Me and a few friends were wondering about the origin of indistinguishability in QM and thought of the following thought experiment. Consider a toy model of a classical universe which has only one kind of particle(lets call them unons) of some mass m and radius a. Also assume that unons obey newtons laws, and the only interactions between them are elastic collisions. Keeping in mind that there are nothing else in this universe except for unons, I have the following statement and questions
1) If you have a collision between two unons there is no way to observe where the individual unons went.
2) You cannot follow the trajectory of individual unons without disturbing them.
3) 1 and 2 if true would imply that unons have to be indistinguishable to an observer external to the system but still part of the universe ( i.e they too have access to only unons as particles)
4) Would that mean that the equilibrium statistics of unons should not be Boltzmann statistics and should be something like Fermi statistics?
5) Now however if can add another class of point particles to observe unos, then suddenly unons become distinguishable (like in our world) and their statistics become Boltzmann statistics.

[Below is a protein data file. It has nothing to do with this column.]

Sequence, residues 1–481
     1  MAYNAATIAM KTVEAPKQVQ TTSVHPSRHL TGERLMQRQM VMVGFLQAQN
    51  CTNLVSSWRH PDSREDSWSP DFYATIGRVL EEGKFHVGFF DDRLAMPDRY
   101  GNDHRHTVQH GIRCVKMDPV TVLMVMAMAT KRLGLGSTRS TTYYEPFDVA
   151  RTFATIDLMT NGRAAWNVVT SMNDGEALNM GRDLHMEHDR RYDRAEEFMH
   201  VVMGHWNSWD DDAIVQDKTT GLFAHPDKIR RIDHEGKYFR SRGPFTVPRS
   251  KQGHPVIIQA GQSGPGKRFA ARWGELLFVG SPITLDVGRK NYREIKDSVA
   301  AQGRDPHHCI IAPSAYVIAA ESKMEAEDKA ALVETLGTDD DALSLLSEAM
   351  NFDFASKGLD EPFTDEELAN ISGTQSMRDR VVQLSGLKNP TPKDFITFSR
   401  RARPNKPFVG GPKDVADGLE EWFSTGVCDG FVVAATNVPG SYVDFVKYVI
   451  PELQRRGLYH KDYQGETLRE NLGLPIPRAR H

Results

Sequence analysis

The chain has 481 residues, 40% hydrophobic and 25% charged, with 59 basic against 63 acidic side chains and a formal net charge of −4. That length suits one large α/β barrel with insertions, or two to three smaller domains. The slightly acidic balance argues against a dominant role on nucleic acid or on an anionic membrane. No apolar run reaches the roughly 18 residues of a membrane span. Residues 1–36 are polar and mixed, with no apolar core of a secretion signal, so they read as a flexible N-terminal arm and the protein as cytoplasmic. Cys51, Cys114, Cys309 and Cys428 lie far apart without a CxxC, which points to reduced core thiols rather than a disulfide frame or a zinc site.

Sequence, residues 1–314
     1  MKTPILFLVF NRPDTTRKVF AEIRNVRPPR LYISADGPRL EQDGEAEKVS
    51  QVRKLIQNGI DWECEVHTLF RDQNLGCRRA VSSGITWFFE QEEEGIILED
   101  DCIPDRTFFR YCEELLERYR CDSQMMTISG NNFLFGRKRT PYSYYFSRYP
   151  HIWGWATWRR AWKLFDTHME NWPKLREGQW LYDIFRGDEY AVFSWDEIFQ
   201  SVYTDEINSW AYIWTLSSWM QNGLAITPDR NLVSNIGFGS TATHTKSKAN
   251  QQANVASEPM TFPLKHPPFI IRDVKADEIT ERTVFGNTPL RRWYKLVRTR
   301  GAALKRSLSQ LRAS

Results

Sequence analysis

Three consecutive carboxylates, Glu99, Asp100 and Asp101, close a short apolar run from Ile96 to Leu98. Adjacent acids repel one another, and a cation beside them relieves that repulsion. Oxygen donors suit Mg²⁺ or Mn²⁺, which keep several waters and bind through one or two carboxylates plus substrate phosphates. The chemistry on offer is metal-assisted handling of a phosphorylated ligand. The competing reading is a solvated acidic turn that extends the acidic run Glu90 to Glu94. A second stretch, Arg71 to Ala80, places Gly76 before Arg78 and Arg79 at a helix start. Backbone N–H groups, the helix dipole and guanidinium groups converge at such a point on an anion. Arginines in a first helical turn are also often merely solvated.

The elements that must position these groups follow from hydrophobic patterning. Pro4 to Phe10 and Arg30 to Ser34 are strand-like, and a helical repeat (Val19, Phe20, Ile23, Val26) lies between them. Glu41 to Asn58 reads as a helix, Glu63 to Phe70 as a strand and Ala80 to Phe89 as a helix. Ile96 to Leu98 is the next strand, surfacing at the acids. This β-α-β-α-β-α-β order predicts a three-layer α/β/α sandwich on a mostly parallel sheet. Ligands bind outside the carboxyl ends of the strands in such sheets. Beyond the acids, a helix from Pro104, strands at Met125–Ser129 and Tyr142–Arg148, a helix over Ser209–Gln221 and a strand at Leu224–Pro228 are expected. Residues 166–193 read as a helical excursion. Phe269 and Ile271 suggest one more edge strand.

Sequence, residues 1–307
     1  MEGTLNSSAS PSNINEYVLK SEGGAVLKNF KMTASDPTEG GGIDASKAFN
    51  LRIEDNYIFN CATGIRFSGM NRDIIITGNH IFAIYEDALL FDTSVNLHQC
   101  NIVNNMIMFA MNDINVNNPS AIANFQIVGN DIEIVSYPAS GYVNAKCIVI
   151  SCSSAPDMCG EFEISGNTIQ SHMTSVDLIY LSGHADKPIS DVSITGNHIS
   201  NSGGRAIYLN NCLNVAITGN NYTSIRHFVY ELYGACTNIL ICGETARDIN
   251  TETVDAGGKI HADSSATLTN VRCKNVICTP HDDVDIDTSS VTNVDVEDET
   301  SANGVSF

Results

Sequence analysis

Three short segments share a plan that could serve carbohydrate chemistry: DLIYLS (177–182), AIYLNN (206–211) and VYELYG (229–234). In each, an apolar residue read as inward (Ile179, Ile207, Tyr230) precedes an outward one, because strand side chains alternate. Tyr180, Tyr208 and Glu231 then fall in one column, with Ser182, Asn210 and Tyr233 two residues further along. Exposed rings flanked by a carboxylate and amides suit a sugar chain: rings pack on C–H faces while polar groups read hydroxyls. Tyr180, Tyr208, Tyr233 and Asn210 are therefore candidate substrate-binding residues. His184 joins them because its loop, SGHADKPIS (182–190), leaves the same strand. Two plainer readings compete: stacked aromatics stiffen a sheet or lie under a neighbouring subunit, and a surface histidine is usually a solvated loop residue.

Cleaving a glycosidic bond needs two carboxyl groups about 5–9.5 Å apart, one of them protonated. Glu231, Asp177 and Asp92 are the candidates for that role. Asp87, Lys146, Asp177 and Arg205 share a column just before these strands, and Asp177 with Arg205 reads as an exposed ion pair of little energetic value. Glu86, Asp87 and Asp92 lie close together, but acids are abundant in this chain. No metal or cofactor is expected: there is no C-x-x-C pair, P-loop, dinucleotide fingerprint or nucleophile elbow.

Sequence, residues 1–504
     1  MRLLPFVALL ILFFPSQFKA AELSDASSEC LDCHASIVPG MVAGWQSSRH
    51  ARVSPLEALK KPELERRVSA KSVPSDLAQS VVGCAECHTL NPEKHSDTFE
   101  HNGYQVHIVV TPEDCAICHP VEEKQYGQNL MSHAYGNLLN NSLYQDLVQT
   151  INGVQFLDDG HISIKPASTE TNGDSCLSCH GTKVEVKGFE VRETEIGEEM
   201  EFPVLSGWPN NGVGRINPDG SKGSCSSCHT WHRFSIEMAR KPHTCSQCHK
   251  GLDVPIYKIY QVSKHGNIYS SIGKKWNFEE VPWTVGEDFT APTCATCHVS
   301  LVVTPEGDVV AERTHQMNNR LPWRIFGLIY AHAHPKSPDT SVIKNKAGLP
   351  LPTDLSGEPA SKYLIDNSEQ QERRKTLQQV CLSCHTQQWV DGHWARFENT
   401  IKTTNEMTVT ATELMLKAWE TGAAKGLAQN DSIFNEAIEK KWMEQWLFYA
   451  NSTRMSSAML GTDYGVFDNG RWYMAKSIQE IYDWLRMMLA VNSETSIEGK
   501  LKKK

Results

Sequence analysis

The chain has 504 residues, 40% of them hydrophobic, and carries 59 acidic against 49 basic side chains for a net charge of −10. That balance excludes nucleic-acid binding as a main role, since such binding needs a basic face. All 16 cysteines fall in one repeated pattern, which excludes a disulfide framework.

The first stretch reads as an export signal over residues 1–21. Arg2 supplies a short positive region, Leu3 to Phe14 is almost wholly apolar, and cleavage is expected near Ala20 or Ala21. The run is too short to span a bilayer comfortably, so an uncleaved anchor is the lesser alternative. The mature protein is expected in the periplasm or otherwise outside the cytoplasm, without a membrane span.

6) Thermodynamic properties however are derivable from statistical mechanics and we would expect the same thermodynamics for both 4 and 5, since they should not depend on the point particles. This would be paradoxical if they have different statistics
My gut feeling tells me that 4 is wrong and the systems of pure unons should exhibit Boltzmann statistics as well. Statics of a system should not be Bayesian
However would that mean that indistinguishability is a purely quantum phenomena? Why should that be? After all in my first universe it is impossible to track the trajectories of particles with arbitrary high precision.
Is that because quantum mechanics doesn't exhibit realism? What about (non-local) hidden variable interpretations then? Why would they have indistinguishable particles?